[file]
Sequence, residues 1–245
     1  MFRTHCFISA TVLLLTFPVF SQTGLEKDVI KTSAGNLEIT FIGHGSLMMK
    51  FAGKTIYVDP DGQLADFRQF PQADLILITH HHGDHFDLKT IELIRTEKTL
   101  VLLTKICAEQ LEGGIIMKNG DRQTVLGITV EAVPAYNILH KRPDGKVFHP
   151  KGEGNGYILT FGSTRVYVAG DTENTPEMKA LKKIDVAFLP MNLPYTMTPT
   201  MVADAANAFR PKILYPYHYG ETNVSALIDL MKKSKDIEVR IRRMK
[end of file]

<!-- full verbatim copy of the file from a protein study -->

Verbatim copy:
Sequence, residues 1–245
     1  MFRTHCFISA TVLLLTFPVF SQTGLEKDVI KTSAGNLEIT FIGHGSLMMK
    51  FAGKTIYVDP DGQLADFRQF PQADLILITH HHGDHFDLKT IELIRTEKTL
   101  VLLTKICAEQ LEGGIIMKNG DRQTVLGITV EAVPAYNILH KRPDGKVFHP
   151  KGEGNGYILT FGSTRVYVAG DTENTPEMKA LKKIDVAFLP MNLPYTMTPT
   201  MVADAANAFR PKILYPYHYG ETNVSALIDL MKKSKDIEVR IRRMK